It took a unique combination of ingenuity and curiosity to produce the first known photograph, so it’s fitting that the man who made it was an inventor and not an artist. In the 1820s, Joseph Nicéphore Niépce had become fascinated with the printing method of lithography, in which images drawn on stone could be reproduced using oil-based ink. Searching for other ways to produce images, Niépce set up a device called a camera obscura, which captured and projected scenes illuminated by sunlight, and trained it on the view outside his studio window in eastern France. The scene was cast on a treated pewter plate that, after many hours, retained a crude copy of the buildings and rooftops outside. The result was the first known permanent photograph.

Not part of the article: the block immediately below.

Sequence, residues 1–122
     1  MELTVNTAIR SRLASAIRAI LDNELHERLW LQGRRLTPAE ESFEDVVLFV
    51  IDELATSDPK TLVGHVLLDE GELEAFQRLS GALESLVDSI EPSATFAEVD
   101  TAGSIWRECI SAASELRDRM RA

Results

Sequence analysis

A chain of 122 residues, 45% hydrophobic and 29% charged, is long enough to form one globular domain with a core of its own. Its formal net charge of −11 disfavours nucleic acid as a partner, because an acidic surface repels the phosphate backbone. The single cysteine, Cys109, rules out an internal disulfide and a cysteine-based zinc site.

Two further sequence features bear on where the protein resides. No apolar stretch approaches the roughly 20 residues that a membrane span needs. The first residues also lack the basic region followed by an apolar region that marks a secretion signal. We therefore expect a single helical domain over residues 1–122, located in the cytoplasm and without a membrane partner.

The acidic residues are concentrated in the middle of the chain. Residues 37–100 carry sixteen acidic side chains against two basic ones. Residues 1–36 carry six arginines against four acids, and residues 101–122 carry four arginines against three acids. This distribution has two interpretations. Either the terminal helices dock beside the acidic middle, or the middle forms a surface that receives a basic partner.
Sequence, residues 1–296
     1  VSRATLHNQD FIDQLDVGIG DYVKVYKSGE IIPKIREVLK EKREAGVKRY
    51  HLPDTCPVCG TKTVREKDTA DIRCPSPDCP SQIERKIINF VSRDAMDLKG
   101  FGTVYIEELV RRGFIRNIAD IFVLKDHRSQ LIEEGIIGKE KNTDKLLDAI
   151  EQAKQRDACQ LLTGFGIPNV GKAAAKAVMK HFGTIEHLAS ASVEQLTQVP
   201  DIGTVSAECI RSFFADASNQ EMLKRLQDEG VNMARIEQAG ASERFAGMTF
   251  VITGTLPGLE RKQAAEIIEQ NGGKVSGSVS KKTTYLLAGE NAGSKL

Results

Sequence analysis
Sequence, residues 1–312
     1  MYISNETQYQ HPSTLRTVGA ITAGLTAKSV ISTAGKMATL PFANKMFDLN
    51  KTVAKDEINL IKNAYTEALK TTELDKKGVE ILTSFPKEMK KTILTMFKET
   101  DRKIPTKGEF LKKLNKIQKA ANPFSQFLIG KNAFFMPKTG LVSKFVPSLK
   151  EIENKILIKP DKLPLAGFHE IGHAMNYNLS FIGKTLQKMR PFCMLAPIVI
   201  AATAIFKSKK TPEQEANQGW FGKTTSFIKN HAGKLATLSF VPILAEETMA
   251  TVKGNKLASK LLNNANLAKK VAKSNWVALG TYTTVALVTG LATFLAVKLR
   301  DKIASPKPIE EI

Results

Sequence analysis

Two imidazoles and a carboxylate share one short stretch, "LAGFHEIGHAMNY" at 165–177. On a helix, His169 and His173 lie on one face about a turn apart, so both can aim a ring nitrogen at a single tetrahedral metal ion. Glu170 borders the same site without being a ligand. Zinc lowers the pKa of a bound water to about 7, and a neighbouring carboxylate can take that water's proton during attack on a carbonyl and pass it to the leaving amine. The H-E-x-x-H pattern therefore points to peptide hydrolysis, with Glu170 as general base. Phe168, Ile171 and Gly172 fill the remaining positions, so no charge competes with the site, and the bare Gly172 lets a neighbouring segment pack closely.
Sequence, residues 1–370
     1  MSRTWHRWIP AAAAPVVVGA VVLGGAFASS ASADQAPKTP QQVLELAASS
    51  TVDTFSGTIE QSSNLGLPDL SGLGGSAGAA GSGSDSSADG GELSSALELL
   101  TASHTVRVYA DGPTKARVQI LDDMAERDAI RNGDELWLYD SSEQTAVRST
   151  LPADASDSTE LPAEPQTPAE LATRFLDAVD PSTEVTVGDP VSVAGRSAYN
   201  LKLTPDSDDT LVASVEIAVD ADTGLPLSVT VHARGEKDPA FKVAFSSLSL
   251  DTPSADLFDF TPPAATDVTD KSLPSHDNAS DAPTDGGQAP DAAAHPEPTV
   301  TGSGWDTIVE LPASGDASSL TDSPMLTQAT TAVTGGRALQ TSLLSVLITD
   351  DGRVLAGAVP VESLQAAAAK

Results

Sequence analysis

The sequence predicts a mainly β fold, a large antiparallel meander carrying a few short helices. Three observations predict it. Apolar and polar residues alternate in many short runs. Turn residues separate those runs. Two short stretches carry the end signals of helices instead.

It is no overstatement to say that Niépce’s achievement laid the groundwork for the development of photography. Later, he worked with artist Louis Daguerre, whose sharper daguerreotype images marked photography’s next major advancement.
See the first photo on display in a special, oxygen-free case at The University of Texas
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